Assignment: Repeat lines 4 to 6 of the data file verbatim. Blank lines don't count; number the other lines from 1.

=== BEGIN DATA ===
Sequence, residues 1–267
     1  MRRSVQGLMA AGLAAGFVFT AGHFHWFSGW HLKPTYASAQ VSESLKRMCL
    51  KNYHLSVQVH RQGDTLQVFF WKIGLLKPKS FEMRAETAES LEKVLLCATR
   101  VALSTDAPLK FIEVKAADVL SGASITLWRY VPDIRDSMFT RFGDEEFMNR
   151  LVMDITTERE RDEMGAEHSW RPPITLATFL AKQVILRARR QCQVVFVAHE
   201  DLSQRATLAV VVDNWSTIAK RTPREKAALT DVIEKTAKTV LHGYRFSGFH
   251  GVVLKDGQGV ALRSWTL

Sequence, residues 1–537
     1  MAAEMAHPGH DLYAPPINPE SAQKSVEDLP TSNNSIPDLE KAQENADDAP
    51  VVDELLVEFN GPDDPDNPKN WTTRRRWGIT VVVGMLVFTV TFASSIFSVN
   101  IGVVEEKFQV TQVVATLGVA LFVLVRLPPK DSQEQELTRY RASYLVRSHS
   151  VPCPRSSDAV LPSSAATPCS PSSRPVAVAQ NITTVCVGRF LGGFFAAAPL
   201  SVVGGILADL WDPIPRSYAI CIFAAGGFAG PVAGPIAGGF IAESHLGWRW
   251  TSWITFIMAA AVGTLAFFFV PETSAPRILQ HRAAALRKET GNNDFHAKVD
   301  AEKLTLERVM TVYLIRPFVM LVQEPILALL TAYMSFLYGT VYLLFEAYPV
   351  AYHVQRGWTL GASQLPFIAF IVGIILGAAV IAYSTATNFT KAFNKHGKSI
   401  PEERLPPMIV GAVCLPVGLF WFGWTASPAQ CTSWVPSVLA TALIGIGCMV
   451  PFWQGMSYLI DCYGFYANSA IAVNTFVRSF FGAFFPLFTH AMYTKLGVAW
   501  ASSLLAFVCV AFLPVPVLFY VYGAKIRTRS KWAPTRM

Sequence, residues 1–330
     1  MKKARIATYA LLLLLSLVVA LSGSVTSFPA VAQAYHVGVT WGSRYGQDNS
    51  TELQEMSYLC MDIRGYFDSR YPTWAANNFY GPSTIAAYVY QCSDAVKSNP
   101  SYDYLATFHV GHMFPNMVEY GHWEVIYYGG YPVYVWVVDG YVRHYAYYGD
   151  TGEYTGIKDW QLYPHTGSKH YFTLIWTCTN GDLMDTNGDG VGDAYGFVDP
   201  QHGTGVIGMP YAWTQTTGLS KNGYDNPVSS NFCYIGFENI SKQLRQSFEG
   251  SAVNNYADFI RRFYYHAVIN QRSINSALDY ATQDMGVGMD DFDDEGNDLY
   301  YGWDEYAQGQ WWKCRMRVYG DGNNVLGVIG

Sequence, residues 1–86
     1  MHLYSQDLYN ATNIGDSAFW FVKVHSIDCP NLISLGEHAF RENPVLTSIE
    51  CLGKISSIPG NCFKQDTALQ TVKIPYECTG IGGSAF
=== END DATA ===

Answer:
   101  VALSTDAPLK FIEVKAADVL SGASITLWRY VPDIRDSMFT RFGDEEFMNR
   151  LVMDITTERE RDEMGAEHSW RPPITLATFL AKQVILRARR QCQVVFVAHE
   201  DLSQRATLAV VVDNWSTIAK RTPREKAALT DVIEKTAKTV LHGYRFSGFH